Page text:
Beginning with its Snapdragon 820 high-end smartphone processor, Qualcomm (NASDAQ:QCOM) began having its high-end smartphone processors manufactured at Samsung (NASDAQOTH:SSNLF) in a high-profile shift away from Taiwan Semiconductor Manufacturing Company (NYSE:TSM).
Qualcomm is also expected to tap Samsung for the manufacture of its next generation premium applications processor known as Snapdragon 830. The Snapdragon 830 is expected to be built using Samsung's recently announced 10-nanometer LPE technology.
Interestingly, per a report from China-based publication Economic Daily News (via DigiTimes), Qualcomm may be planning to shift "follow-up orders" for the Snapdragon 830 from Samsung to TSMC as production of the Snapdragon 830 has "reportedly fallen behind schedule."
Production falling behind schedule wouldn't be surprising
Although Samsung made a big splash recently with its press release saying that it's now mass producing chips on its 10-nanometer LPE process, such a schedule slip wouldn't come as a surprise (if the report is accurate).
For one thing, Samsung may have taken an immature, low-yielding manufacturing process and thrown it into the production facilities to meet both Qualcomm's and Samsung Mobile's aggressive product release schedules (new Galaxy S series smartphones, as well as other flagship mobile devices, usually launch in the spring).
If that's the case, Qualcomm might be finding itself with a lot of chips coming off the line either dead (low functional yield) or with chips that simply don't meet performance specification (also known as parametric yields) and are thus are unsuitable for sale.
Indeed, generally reliable mobile supply chain analyst Ming-Chi Kuo with KGI Securities reported (via MacRumors) that yield issues on Samsung's 10-nanometer process is one reason that Samsung may not "rush" the Galaxy S8 series smartphones to market.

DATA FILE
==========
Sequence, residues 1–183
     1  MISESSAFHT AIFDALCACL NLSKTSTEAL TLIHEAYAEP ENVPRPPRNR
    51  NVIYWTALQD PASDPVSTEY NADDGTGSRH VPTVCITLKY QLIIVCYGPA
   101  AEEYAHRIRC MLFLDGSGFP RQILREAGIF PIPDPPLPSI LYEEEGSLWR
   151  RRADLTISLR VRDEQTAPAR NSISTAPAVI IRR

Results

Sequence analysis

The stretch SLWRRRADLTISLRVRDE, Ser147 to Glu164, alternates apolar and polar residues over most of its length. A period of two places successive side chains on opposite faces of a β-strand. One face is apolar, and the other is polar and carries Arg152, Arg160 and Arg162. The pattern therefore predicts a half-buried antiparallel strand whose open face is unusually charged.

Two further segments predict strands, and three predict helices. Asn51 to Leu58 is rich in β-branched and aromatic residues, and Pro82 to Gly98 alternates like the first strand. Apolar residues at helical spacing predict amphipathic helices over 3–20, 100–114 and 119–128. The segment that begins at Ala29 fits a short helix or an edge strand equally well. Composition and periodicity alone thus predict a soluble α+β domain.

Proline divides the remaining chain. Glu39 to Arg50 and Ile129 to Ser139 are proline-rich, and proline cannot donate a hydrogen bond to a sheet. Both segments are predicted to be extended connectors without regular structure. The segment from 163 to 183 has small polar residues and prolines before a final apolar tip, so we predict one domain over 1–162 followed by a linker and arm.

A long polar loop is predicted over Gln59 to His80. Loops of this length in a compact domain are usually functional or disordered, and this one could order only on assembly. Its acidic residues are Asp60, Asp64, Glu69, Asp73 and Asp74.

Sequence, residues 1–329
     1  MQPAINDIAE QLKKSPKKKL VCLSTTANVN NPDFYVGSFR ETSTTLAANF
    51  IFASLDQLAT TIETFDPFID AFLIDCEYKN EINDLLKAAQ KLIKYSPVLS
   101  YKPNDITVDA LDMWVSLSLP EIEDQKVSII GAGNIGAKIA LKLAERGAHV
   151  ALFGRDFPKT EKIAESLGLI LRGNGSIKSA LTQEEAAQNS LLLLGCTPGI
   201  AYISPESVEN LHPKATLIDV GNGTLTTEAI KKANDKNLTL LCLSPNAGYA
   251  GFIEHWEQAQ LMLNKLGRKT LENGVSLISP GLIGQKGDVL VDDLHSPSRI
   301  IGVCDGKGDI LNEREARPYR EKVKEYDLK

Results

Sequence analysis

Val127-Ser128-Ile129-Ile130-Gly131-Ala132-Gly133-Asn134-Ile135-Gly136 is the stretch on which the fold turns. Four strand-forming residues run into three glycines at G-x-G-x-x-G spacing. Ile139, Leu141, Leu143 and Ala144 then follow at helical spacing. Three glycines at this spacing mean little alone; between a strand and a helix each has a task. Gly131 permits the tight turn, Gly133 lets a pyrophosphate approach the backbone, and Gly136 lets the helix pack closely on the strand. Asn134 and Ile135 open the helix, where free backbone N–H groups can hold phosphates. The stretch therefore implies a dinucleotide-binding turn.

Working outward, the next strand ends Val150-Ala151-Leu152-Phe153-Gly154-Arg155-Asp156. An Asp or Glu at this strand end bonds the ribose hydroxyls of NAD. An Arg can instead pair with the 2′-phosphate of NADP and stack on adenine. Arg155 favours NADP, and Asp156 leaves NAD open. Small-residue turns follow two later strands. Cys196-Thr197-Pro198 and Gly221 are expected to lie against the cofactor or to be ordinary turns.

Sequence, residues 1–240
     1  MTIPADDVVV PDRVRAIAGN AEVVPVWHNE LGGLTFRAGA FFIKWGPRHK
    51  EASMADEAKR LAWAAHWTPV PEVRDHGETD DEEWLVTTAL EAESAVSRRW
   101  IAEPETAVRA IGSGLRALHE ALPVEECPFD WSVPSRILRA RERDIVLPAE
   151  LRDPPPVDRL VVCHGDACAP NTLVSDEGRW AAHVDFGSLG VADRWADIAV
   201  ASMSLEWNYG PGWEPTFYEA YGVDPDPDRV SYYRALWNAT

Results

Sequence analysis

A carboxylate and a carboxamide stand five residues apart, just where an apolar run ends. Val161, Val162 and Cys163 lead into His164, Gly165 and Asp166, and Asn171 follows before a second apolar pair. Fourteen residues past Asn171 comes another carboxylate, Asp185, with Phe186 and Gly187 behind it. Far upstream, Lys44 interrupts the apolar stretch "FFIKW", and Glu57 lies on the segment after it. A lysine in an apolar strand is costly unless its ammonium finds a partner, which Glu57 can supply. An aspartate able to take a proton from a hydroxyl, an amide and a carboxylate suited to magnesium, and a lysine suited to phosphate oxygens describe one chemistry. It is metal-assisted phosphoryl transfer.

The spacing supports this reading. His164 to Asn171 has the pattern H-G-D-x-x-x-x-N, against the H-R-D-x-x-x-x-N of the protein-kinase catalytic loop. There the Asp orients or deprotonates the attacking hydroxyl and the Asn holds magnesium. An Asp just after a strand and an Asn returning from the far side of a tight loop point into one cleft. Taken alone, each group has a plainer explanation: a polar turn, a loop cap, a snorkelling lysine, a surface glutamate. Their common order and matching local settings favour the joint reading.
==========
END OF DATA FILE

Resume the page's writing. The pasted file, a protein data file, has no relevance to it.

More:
Where does TSMC fit in?
Samsung's contract chip manufacturing business brought in about $2.67 billion in revenue, per IC Insights, during 2015 while TSMC's grew to more than $26 billion in that time. TSMC is far and away the market leader in contract chip manufacturing, and I believe that this massive revenue base relative to Samsung Foundry (and any other of its contract chip manufacturing peers, for that matter) allows it to be more aggressive about investing in research and development for future technologies.
Although I don't think TSMC's 10-nanometer yields right now are anything to write home about (on its most recent earnings call, management said that the first product to be built on its 10-nanometer technology has been "produced with reasonable yield" -- not the wording one would expect if yields were great), I strongly suspect that TSMC is further along on this front than Samsung is.
What Qualcomm may have done is implemented Snapdragon 830 in both Samsung's and TSMC's 10-nanometer processes, respectively. Qualcomm clearly has incentive to build the first Snapdragon 830 chips at Samsung as the former is eager to get its chips inside of the latter's flagship Galaxy S series smartphones.
Later on in the Snapdragon 830's life cycle, though, Qualcomm could dual-source the chips, ultimately selling Samsung-built Snapdragon 830 chips to Samsung and some mix of Samsung- and TSMC-built Snapdragon 830 chips to other flagship Android phone makers.
In this case, winning some of the Snapdragon 830 orders would be a win for TSMC, since it was completely shut out of the Snapdragon 820/821 generation.